An educator does not have a First Amendment right to determine the method of instruction and the books to be used in his or her classroom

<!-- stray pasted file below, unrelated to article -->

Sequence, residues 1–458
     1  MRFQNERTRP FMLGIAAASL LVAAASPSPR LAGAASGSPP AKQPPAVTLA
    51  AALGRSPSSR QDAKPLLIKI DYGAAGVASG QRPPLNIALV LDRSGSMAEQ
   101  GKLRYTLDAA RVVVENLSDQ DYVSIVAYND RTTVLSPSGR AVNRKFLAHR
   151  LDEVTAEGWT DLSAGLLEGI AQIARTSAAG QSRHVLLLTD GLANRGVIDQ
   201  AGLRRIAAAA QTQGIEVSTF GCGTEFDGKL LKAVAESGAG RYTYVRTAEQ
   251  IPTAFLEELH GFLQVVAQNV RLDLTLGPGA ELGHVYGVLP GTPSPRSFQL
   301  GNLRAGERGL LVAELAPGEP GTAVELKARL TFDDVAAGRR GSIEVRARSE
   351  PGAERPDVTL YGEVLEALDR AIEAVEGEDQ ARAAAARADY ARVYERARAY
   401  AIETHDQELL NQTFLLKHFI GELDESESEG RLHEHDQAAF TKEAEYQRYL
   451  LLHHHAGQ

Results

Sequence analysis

An educator does not have a First Amendment right to determine the method of instruction and the books to be used in his or her classroom Evans-Marshall v Tipp City Exempted Village School District, CA Sixth Circuit, 09-3775 Shelly Evans-Marshall, a public high school teacher claimed that she had a First (and 14th) Amendment right "to select books and methods of instruction for use in the classroom without interference from public officials" and that the school district had retaliated against her when she attempted to exercise those rights. The Tipp City Board of Education disagreed, contending that Evans-Marshall's right to free speech protected by the First Amendment does not extend to her in-class curricular speech.* The U.S. Circuit Court of Appeals, Sixth Circuit, agreed with the school district's position, holding held that the use the right to free speech protected by the First Amendment does not extend to the in-class curricular speech of teachers in primary and secondary schools made "pursuant to" their official duties, citing Garcetti v. Ceballos, 547 U.S. 410. The Circuit Court said that this free-speech-retaliation case implicates "two competing intuitions:" 1. Does a teacher have the First Amendment right to choose her own reading assignments, decide how they should be taught and above all be able to teach a unit on censorship without being censored or otherwise retaliated against? 2. Doesn't a school board have the final say over what is taught, and how, in the public schools for which it is responsible? Who wins depends on which line of legal authority controls. In this instance, said the court, "a First Amendment claimant must satisfy three tests: the test announced in Connick 'is the matter of public concern;' the Pickering 'balancing' requirement and the Garcetti 'pursuant to" requirement.'" Although Evans-Marshall satisfied the requirements set out in the first two tests, the Circuit Court said that had not met the third, Garcetti, requirement. * Ohio law provides that "[t]he board of education of each city . . . shall prescribe a curriculum." O.R.C. § 3313.60(A), thereby giving elected officials – the school board – rather than teachers, a school principal or a school superintendent, responsibility for the curriculum. The decision is posted on the Internet at: http://www.ca6.uscourts.gov/opinions.pdf/10a0334p-06.pdf NYPPL

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